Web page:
Originally we had the idea that we would cross the Sea of Cortez and be in Mazatlan to attend our first Mexican Carnaval. But, after asking a variety of people around town which Carnaval is better, we received many mixed reviews. On the one hand we were told Mazatlan’s Carnaval was much better because it was 4 times as large, in a city twice the size of La Paz. (La Paz 2010: 215,178 vs Mazatlan 2010 438,434) Mazatlan had more money to spend on their Carnaval celebration. This translated into better concerts, more people, and a longer parade. On the other hand there were a good chunk of people that found La Paz’s Carnaval better suited because they had had the same celebration, on a slightly smaller scale, less people with better costumes. The same celebration but más tranquillo. (It’s a constant theme here.) We weren’t really persuaded one way or another but we found ourselves in La Paz when things on the Malecon had transformed into a bustling colorful celebration of life with family, friends, music, and food!
Carnaval (often incorrectly spelled Carnival) is most commonly thought of as one last celebration before the penitential season of lent. The term Carnaval is thought to be derived from the Latin term “carne levare” or “to remove meat.” Traditionally on the day before Ash Wednesday Catholics would hold large parties (a.k.a Fat Tuesday/Mardi Gras) and eat all of the meat in their homes as they prepared for the 40 days before Easter where they would replace eating meat on Fridays with fish, a symbol of Christ.
Carnaval activities developed over centuries has become a mix of cultural and religious rituals celebrated all over the world. In La Paz, the six fun filled days of Carnaval started with the election of the King’s Court. Duties of the King’s Court include being present for every night of Carnaval, and visiting the local jail, orphanage and area nursing homes to deliver the spirit of Carnaval to those that can not attend.
Probably one of the most important traditions of Carnaval are the parades. We went to the parade three nights in a row and saw something different each time! At first we wondered why everyone in the parade appeared to be dressed as aliens until we figured out that Carnaval comes with a theme. This year’s theme, Infinite Universe.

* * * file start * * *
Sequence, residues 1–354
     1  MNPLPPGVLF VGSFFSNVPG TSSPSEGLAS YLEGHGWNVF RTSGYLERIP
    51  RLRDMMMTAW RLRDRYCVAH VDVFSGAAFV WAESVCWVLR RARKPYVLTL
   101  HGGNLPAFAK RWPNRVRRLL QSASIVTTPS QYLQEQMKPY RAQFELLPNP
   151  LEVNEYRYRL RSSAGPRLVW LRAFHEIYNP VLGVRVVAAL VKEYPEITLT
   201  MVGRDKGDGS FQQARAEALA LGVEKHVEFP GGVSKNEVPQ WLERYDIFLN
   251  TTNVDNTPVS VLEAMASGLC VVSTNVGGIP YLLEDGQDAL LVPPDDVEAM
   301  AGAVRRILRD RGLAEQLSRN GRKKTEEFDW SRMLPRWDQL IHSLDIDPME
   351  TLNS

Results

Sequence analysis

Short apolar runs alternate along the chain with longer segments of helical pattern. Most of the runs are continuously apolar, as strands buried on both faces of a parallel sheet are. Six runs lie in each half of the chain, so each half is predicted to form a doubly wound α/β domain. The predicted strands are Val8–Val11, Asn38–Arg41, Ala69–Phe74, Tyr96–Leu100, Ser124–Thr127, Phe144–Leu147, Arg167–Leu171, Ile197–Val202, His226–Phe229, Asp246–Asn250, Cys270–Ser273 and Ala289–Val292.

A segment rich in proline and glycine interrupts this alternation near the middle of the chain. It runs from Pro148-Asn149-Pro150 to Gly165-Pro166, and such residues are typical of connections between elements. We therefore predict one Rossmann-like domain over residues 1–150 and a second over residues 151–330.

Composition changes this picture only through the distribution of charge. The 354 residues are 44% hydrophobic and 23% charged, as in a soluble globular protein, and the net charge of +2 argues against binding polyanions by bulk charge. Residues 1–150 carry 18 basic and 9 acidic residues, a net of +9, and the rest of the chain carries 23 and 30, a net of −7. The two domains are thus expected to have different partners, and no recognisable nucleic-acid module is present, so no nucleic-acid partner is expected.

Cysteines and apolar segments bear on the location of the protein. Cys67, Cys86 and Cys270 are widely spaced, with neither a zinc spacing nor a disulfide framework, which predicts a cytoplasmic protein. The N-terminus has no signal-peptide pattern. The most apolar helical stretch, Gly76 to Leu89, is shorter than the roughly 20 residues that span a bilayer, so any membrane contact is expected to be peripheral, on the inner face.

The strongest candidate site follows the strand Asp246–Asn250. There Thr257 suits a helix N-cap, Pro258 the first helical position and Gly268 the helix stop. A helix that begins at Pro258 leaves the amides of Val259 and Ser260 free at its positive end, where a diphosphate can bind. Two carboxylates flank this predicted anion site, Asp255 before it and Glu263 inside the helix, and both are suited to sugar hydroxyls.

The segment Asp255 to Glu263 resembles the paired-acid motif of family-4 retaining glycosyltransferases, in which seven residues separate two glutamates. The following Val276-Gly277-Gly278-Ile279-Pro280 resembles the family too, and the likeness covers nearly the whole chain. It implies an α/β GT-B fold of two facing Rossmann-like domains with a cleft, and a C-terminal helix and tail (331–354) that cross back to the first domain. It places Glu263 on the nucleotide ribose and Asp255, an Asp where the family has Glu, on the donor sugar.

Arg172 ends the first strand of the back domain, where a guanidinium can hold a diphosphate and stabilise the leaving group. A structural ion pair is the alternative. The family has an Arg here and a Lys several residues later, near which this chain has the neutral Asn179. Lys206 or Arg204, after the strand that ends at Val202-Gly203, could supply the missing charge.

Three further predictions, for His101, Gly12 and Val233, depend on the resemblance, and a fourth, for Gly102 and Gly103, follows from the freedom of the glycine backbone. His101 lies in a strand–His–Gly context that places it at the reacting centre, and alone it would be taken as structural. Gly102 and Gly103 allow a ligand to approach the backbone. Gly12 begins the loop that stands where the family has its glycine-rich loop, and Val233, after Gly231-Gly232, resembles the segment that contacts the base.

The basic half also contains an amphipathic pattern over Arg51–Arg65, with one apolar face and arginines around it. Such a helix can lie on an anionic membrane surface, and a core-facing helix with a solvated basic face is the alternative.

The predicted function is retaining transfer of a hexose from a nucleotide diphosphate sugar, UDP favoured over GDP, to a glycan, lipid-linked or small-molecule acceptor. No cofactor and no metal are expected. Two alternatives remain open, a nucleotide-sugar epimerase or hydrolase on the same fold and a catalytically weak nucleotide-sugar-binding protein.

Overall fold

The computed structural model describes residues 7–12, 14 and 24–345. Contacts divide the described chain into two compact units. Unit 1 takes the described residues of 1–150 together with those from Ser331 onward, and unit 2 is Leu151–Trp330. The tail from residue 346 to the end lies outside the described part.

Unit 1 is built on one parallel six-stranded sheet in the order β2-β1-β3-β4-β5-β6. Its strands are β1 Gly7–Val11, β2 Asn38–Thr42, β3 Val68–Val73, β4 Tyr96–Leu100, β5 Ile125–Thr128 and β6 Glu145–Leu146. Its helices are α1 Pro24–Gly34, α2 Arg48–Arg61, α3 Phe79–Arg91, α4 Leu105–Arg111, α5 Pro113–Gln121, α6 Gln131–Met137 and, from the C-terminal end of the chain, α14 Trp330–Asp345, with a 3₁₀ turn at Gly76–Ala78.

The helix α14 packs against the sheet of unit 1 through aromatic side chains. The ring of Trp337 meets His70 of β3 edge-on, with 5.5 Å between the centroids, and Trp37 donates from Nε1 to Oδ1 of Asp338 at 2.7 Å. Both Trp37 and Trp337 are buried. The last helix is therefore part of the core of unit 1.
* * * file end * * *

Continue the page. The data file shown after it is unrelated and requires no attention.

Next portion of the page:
Dozens of float riders, street dancers, and the King’s Court all made appearances in the parade, wearing elaborately decorated costumes with brightly colored materials, covered in shiny sequins. Sponsored vendors in this year’s parade were Fresca, Tostitos and Tecate. The parade alternated routes each day starting from the opposite end of town in order to give each set of visitors the opportunity to view the beginning of the parade.
After the parade the street celebrations continued with plenty of music, dancing, drinking and food! Multiple stages with many different types of music and entertainment graced the Malecon at strategically placed intervals. While the parade kicked off the festivities each night, the music on the main stage usually started at 11 PM, and the rest of the celebrations continued well into the morning.
Carnaval goers could test their skill on a variety of games, learn about the latest and greatest (as seen on T.V.) products or courageously get a cheap thrill by riding any number of fast spinning rides. Most entertaining was the blanket stand where you could watch and listen as a very persuasive fast talking hombre making ridiculous deals and offers to move his blankets. We watched as kids bought 6 packs of confetti filled eggs and had the best time throwing them at friends and family. We both agreed Carnaval La Paz was an exciting and colorful affair. Our favorite float, was the one with all of the Brazilian dancers, for obvious reasons!